Isn’t it funny how you can’t get some dogs out of the water, yet others put on the brakes when they see the tiniest puddle? I have experience with both and today I’ll let you know how to get your dog used to water. I’ll also mention a few tips for a successful doggie bath at home.
I’m Barbara and I write regularly for That Mutt. I’m a blogger, raw feeder and dog walker and maintain the blog K9sOverCoffee.com.
My late Boxer mix Missy loved the water. She was just one of those dogs who was born a water rat! She swam in the ocean, in lakes, pools, and loved “attacking” the water that came out of sprinklers.
Her brother Buzz who came from the exact same litter as her ended up enjoying the water as well, but he needed a little convincing and his favorite toy to go in with him.
My current pup Wally, a Feist mix, didn’t want anything to do with water at all when I first adopted him. He was the type who’d walk around a puddle and put on the brakes when I took him to the ocean. Now he’s very slowly learning that m a y b e water is not that bad after all, although I doubt that he’ll ever be as fanatic about water as Missy was.
Why some dogs don’t like the water
For starters, let’s look at why some dogs don’t like being in the water. There are a few possibilities, and the most common ones are the following:
- Fear of the unknown. Dogs don’t automatically know what water is, so if they’re not properly socialized to it as puppies, they may approach it very cautiously. This is especially true if the water is deep and they can’t see the bottom or if the water is noisy like waves or a river running.
- Not a water breed. Some dogs have a love for water in their genes and some don’t! Those who do are typically hunting dogs that are bred to retrieve waterfowl like Retrievers (Golden, Labrador, Chesapeake Bay), Spanish Water dogs, Portuguese Water dogs, Irish Water spaniels, etc.
- Trauma. Less likely, but maybe the dog accidentally fell into a pool and couldn’t get back out on his own. Or maybe he got attacked by another dog at the dog beach. Keep in mind “traumatic” experiences to a dog can also seem very mild to us. Maybe ocean waves scared the dog as a puppy, for example.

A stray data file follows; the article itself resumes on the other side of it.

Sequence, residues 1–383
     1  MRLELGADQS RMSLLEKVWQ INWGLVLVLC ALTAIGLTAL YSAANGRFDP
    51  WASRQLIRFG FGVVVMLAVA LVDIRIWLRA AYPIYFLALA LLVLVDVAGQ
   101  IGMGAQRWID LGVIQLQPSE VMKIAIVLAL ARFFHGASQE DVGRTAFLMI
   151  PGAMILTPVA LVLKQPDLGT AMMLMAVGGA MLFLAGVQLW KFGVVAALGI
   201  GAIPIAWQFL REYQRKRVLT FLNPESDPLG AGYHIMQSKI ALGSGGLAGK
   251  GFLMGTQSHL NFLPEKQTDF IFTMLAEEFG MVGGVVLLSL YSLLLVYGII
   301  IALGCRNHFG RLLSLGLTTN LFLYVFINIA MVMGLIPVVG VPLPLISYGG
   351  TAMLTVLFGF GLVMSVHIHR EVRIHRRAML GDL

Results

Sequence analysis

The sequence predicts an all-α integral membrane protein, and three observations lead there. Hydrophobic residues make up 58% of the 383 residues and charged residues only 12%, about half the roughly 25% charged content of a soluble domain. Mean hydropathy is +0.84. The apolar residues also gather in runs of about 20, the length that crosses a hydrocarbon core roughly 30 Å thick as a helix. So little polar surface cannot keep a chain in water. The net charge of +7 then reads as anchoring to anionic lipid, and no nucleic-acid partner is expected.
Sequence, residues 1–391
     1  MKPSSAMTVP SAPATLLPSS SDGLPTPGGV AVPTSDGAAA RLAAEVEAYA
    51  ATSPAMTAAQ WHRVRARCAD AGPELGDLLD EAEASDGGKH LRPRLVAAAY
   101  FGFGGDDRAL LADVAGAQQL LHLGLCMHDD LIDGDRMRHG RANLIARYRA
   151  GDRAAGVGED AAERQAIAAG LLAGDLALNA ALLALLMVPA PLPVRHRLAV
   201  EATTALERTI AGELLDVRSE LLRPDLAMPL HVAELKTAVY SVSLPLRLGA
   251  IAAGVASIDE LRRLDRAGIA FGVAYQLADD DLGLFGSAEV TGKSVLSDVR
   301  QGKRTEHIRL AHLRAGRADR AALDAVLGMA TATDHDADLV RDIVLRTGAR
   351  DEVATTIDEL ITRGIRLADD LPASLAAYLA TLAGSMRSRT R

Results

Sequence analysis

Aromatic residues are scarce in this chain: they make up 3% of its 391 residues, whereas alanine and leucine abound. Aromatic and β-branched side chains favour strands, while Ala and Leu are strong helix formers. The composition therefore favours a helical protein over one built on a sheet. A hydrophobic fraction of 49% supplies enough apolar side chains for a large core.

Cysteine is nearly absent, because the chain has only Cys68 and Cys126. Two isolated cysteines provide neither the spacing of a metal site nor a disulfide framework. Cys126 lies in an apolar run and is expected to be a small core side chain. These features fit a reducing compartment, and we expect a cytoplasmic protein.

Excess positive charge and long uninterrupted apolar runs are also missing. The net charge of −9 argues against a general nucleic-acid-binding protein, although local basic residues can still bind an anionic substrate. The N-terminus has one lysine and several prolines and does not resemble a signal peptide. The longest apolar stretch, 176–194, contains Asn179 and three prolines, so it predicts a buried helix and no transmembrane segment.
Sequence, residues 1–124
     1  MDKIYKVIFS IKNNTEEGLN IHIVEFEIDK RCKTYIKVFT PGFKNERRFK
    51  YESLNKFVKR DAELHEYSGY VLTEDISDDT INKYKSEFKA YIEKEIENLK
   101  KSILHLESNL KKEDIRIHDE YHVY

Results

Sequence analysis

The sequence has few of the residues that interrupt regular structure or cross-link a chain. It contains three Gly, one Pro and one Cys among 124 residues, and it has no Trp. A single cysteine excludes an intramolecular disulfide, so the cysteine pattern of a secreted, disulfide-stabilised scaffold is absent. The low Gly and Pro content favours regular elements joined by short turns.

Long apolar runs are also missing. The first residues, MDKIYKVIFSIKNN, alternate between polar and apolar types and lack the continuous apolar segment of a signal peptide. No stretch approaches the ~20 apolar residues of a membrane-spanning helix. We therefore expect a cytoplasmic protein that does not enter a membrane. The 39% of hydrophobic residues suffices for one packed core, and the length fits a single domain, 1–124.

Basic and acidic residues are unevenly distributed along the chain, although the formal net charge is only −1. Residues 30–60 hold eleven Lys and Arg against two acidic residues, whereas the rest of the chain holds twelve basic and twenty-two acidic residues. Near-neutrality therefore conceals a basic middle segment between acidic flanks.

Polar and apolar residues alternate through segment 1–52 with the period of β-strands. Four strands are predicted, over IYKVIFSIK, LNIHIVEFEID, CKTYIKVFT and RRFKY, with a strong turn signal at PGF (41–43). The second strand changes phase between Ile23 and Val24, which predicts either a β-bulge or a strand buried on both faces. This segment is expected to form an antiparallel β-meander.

Did you know? Dogs use their tails to steer and balance themselves in the water, so dogs with docked tails have a much harder time swimming than those whose tail is intact.
Benefits of being in the water for dogs
It’s a bummer that some dogs don’t love the water, because they can benefit a lot from being in it:
- Water keeps them cool in the summer heat. The most obvious benefit is that water is extremely refreshing on hot summer days. Sometimes, it’s the only way dogs can stay somewhat comfortable outside.
- It’s a low impact exercise. That makes it great for puppies whose joints are still developing, and also for older dogs who suffer from arthritis.
- Makes for a great workout. Swimming and playing in the water is a great way of exercising and staying fit. The ultimate water sport for dogs is dock diving!
- Water has healing qualities. Many pet rehabilitation facilities use underwater treadmills to help dogs regain their mobility after they had surgery. It can also help alleviate arthritis.
Introduce your dog slowly to the idea of water
However you decide to go about it, patience is key when you work on getting your hesitant dog used to water. Before you ask him to dip any paws into it, spend some time with him near it. The idea is to get him used to the concept of water first.